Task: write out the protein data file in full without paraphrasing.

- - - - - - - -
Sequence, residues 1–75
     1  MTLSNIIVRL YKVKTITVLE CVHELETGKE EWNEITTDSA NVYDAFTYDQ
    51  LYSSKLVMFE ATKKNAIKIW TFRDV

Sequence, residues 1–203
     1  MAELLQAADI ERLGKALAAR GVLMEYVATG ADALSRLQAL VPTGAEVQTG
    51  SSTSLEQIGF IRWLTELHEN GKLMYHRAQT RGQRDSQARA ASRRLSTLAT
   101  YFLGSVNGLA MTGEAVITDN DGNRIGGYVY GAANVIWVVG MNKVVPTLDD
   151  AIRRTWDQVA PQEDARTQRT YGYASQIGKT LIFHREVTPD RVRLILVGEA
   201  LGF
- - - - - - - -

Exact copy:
Sequence, residues 1–75
     1  MTLSNIIVRL YKVKTITVLE CVHELETGKE EWNEITTDSA NVYDAFTYDQ
    51  LYSSKLVMFE ATKKNAIKIW TFRDV

Sequence, residues 1–203
     1  MAELLQAADI ERLGKALAAR GVLMEYVATG ADALSRLQAL VPTGAEVQTG
    51  SSTSLEQIGF IRWLTELHEN GKLMYHRAQT RGQRDSQARA ASRRLSTLAT
   101  YFLGSVNGLA MTGEAVITDN DGNRIGGYVY GAANVIWVVG MNKVVPTLDD
   151  AIRRTWDQVA PQEDARTQRT YGYASQIGKT LIFHREVTPD RVRLILVGEA
   201  LGF